According to East Yorkshire pig producers David and Sue Morgan, who installed 72 freedom farrowing pens 12 months ago, it is still too early to say if there is any improvement in performance or potential to increase profitability.
While sows have demonstrated more natural behaviour patterns, the Morgans say that, compared with conventional crate systems, this welfare-driven approach to sow and litter management does pose new challenges in terms of stock husbandry.
And while piglet mortality in the first year of the freedom pens at Pockthorpe Farm has marginally increased from 10% to about 14% – something that Mr Morgan believes could be effectively tackled as more experience is gained – he says there has been a notable improvement in the performance and overall health of young pigs after weaning.
The Morgans, with daughters Vicky and Kate, run 1,700 breeding sows on straw, with a liquid feed offered through an electronic sow-feeding system. Piglets are weaned at 28 days, before being finished off the farm on a bed-and-breakfast arrangement and then sold to Sainsbury’s through food supplier Cranswick. Pockthorpe Farm is a Sainsbury’s “Concept Farm”, established to trial new ideas.
“We noticed immediately animals that had farrowed in conventional crates, say five or six times previously, started to build a nest when provided with straw and given the space of the freedom pen system,” comments Mr Morgan. “So their natural instincts are still there.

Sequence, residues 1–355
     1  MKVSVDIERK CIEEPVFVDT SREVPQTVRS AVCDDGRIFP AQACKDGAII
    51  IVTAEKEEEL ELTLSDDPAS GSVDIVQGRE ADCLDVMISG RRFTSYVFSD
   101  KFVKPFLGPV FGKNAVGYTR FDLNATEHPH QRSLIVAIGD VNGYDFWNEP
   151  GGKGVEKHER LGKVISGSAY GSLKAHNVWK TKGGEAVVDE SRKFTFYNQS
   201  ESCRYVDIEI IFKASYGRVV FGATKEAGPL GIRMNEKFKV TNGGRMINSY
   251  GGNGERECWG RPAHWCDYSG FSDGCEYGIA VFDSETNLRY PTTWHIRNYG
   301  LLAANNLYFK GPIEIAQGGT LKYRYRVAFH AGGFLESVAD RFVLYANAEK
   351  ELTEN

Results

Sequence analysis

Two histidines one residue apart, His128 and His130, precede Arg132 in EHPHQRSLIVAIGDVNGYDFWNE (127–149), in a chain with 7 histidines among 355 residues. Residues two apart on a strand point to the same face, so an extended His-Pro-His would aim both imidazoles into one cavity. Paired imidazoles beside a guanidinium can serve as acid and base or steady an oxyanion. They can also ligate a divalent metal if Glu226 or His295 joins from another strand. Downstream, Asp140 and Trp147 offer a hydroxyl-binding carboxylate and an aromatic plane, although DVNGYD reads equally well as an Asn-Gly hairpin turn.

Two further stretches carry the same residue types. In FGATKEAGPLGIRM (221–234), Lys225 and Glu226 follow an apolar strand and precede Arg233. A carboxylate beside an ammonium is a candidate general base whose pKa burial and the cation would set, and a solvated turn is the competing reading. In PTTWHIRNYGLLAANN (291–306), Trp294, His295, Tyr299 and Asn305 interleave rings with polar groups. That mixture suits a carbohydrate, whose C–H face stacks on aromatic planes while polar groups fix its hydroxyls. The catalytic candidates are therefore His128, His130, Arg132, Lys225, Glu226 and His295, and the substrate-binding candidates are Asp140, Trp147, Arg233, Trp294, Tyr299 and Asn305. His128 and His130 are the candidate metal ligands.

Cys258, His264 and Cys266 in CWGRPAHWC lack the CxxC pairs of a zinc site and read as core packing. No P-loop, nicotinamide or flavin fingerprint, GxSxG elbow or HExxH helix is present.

“Inevitably mortality levels are higher through piglets being laid on. This is a totally new approach to managing farrowing sows and it has been a steep learning curve for us all.
“There have been some disappointments in terms of mortality, but you learn as you progress with new ideas. I should think the current mortality rate using the freedom pen is around 14%,” he adds.
But Mr Morgan recognises that, as an industry, pig producers can’t afford to accept higher mortality in a new system, so the challenge is going to be about breeding animals that have better maternal instincts to cope with this environment, which will hopefully lead to fewer losses.
“Over time when sows were tethered, we saw them change and become more suited to stall management.
“We’ve already seen sows change again because those now on straw yard systems aren’t aggressive towards one another. Similar changes will occur as animals start to emerge from the breeding companies that are more suited to high-welfare farrowing,” he says.
Output from sows kept in freedom crates has been lower because of the rise in mortality and while the Morgans don’t believe that more time spent with sows in this new system would avoid the higher loss rate, they recognise a different standard of management is needed – in terms of skilled staff – compared with a conventional farrowing system.
“I think there will be a need for staff that are more “stock aware” and in tune with what these sows require. Good husbandry is essential. You certainly have to operate in the building in a more quiet way, but we haven’t encountered any signs of aggression towards staff from sows with litters,” says Mr Morgan.
In terms of the theoretical improvements a freedom crate system is expected to deliver – better performance from the sow and her improved condition after weaning – none have yet been apparent at Pockthorpe Farm.